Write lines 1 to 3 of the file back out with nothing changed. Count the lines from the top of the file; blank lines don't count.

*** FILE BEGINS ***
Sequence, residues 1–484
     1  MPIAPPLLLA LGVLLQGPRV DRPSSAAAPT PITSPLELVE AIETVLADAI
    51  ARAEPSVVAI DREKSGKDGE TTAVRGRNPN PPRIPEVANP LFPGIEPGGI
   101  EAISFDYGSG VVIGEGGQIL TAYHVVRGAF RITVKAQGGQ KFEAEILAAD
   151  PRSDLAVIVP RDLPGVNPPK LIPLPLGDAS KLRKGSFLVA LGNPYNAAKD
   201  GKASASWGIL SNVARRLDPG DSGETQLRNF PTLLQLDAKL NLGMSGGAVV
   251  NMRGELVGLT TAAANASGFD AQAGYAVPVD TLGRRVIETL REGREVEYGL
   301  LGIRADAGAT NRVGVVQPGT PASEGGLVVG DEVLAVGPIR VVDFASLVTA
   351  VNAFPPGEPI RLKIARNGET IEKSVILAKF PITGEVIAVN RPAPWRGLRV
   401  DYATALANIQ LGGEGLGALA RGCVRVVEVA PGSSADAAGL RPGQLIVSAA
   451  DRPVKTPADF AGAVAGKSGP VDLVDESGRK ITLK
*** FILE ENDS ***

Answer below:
Sequence, residues 1–484
     1  MPIAPPLLLA LGVLLQGPRV DRPSSAAAPT PITSPLELVE AIETVLADAI
    51  ARAEPSVVAI DREKSGKDGE TTAVRGRNPN PPRIPEVANP LFPGIEPGGI